Growing up, we used my late grandmother’s menorah every Hanukkah. To be honest, I never really cared for it. It was a strange-looking thing, made of some kind of heavy greenish-gray metal with abstract squared-off shapes that were supposed to resemble flames, I think, making up each of the candle holders. I preferred the classical, ornate Renaissance-inspired silver Judaica I saw at the Minnesota Institute of Art, with their scrolls, lions, and delicate furls. It all seemed so much more elegant than the bizarre, modernist, clunky thing we had at home.
Since my grandmother died before I was born, all I know of her is from the material objects she left us — jewelry, a few books, and her menorah. As an adult, reflecting back on it, I realize how unusual it is for someone who was otherwise fairly traditional to have a menorah like this one. It’s an object that suggests she kept a Jewish home, yes, but she did it on her own terms. It’s a piece that implies continuity with past religious traditions but a modernist embrace of the new, the unfamiliar, the unusual. You might even say that her choice was a feminist one, in that it was a subtle but meaningful break from traditional, conservative forms. All that in a menorah.
Today, there are many artisans and artists working in exactly this space, exploring how the Judaica, or Jewish ritual objects, we use can open up new ways to practice millennia-old rituals while recognizing more progressive, liberatory visions of humanity. These religious artifacts are not simply kitsch, a style that Milan Kundera once described as “the principal enemy of art.” (Not that there’s anything wrong with a Ruth Bader Ginsburg menorah, if that’s your thing.) They are created by craftspeople and artists who think about their practices, the form of the object, and the way it is used intentionally in ways that include queer, feminist visions of Jewish life.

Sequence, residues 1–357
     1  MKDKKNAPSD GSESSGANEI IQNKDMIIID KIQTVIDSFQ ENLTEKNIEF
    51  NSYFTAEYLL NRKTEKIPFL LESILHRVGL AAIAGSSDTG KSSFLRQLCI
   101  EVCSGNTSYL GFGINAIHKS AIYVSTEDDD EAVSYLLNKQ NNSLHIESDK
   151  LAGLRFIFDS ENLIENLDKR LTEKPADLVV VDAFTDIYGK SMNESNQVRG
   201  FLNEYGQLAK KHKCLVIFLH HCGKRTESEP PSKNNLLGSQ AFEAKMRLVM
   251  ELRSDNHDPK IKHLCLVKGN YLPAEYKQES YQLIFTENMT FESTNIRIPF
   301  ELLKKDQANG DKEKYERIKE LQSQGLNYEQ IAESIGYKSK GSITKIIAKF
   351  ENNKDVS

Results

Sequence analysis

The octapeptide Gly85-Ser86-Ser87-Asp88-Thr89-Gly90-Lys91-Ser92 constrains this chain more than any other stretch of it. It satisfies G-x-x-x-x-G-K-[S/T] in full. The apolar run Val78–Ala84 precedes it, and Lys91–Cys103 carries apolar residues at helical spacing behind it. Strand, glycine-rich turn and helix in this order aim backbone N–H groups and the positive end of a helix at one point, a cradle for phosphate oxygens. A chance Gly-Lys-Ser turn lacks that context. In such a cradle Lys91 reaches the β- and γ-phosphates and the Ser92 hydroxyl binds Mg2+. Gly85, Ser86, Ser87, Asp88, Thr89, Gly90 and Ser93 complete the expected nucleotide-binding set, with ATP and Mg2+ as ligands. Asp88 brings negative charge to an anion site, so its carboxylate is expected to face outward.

The ornamental, baroque designs of traditional Judaica are fragile, difficult to use, and often made by men, with a limited role for women. The team at the New York City-based company Via Maris has decided to address this head-on by creating ritual objects that are explicitly modernist in design, with simple, clean lines and durable materials.
But what is most remarkable about this outfit is that they employ female scribes, or sofiret, to write the scrolls for their mezuzahs. Allowing women to act as scribes is still controversial if not outright forbidden in some Conservative and Orthodox communities. Those who affix one of these mezuzahs to their doorframe are implicitly acknowledging “the idea of equality between men and women in Halacha and religion,” as one sofrot, Rabbi Hanna Klebansky, put it in an interview with The Jerusalem Post.
One domain where female scribes have been most active is in crafting ketubahs, the ornate illustrated contracts traditional for Jewish marriages. Miriam Karp, an artist based out of Atlanta, is one such artisan. She makes illuminated ketubahs that use both traditional and contemporary design elements.